uses the knowledge provided by science to solve practical,
real-world problems. Because of constraints, which may range
from laws and ethics to costs and environmental impact, the
optimal engineering approach may vastly differ from the best
scientific solution. Engineers need to evaluate strategies
offered by science in the societal context in which the engineering
problem arises; moreover, engineers must communicate effectively
as part of a team.
3-2 Engineering Program is designed to give students both
technical knowledge and a broad grounding in the humanities
and social sciences. In the program, students spend the first
three years at Oberlin and then attend one of the affiliated
engineering schools for two years. At the end of five years,
students receive two degrees: a Bachelor of Arts from Oberlin
and a Bachelor of Science in Engineering from the engineering
school. Oberlin's partners for the 3-2 program are Case Western
Reserve University (Cleveland), the California Institute of
Technology (Caltech, Pasadena, California), Washington University
(St. Louis), and the University of Pennsylvania (Philadelphia).
ensure fulfillment of entry requirements at partner engineering
schools, students are encouraged to discuss their interest
in the program as early as possible with Oberlin's engineering
advisor, Taylor Allen, who is trained as a biomedical engineer
(specialization in chemical engineering) and who is an Assistant
Professor of Biology.
Placement. AP credit for the courses listed under Major
Requirements, below, may be granted by the individual departments.
Course Sequence Suggestions. It is suggested that first-year
students interested in engineering take a mathematics course
(Math 133, 134, 231, or 234), as well as either chemistry
or physics during their first year at Oberlin.
A student may declare 3-2 Engineering as her or his major
at Oberlin and take a schedule which includes the courses
listed below. To be accepted by the engineering school, a
student normally must maintain a grade point average of 3.0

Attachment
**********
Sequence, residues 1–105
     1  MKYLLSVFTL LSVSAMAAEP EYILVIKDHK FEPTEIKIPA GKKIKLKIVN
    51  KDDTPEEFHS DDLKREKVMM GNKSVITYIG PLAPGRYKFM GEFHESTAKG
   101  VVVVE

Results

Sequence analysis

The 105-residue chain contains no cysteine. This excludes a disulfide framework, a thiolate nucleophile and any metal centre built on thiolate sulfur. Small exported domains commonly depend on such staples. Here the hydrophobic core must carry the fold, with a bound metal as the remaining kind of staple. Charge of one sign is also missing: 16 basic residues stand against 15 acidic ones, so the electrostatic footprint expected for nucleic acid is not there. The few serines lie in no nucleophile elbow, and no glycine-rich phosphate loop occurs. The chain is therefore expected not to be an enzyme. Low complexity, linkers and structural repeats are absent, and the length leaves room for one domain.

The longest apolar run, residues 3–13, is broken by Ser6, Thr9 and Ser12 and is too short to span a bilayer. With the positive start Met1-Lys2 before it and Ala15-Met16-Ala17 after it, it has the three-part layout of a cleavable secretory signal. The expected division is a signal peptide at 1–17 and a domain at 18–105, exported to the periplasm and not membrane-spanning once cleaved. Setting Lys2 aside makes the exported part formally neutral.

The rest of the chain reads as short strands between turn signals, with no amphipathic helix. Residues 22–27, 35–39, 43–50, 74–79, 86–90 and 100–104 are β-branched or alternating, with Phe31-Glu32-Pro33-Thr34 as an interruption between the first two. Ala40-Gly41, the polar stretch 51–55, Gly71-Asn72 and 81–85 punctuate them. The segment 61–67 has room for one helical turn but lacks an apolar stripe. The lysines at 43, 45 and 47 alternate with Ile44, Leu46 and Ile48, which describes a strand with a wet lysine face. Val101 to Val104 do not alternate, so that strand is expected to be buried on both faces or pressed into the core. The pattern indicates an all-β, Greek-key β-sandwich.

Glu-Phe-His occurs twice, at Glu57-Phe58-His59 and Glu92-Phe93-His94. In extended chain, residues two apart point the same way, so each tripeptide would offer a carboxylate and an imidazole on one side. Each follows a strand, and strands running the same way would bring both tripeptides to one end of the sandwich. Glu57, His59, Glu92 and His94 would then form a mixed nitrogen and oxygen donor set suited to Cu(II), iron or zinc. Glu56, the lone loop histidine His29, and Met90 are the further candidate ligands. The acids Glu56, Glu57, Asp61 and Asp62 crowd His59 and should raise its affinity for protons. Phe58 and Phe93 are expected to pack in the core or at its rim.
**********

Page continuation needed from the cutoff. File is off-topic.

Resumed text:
or greater. If a student does not proceed to an engineering
school, she or he must satisfy the requirements for some other
major at Oberlin.
recommendations of the three engineering schools differ slightly;
however, it is generally required that a 3-2 engineering student
take the following courses at Oberlin:
101 Structure and Reactivity
102 Chemical Principles
For qualified students, the above two courses may be replaced
103 Topics in General Chemistry
150 Principles of Computer Science, unless proficiency in
computer programming is obtained by some other means
133 Calculus I
134 Calculus II
231 Multivariable Calculus
234 Differential Equations
110 Mechanics and Relativity
111 Electricity, Magnetism, Optics, Waves
112 Modern Physics
For some engineering specialties, such as chemical engineering
or biomedical engineering, additional courses are recommended,
There is no minor in engineering.
students in this program spend only three years at Oberlin,
they must satisfy modified general requirements for the Oberlin
At least 84 credit hours, no more than 63 hours of which may
be in a single division and no more than 42 hours of which
may be in a single department or program.
Two Winter Term credits.
At least four semesters in residence at Oberlin or on Oberlin
College programs, completing not less than 56 hours of College
work. Ordinarily, the last 12 Oberlin credit hours must be
taken while in residence.
The following general requirements more completely specified
in the section "Requirements for Graduation" of the College
of Arts and Sciences:
a. Writing proficiency;
b. Quantitative proficiency;
c. Nine credit hours in each of the three divisions of the
d. Nine credit hours in courses dealing mainly with cultural
Honors. There is no honors program in engineering.
Other Programs. Students interested in engineering may
spend four years at Oberlin, major in an appropriate natural
science or in mathematics, and then work toward a Bachelor
of Science in Engineering degree or an advanced degree at
an engineering school. Please note that generally it is the
B.S.E. degree, not an advanced degree, that is needed for
one to become a licensed professional engineer.
Winter Term. Students may arrange engineering internships
with companies during January. In addition, Washington University
offers intensive courses in several engineering fields during
January, and one of these may be taken for Oberlin Winter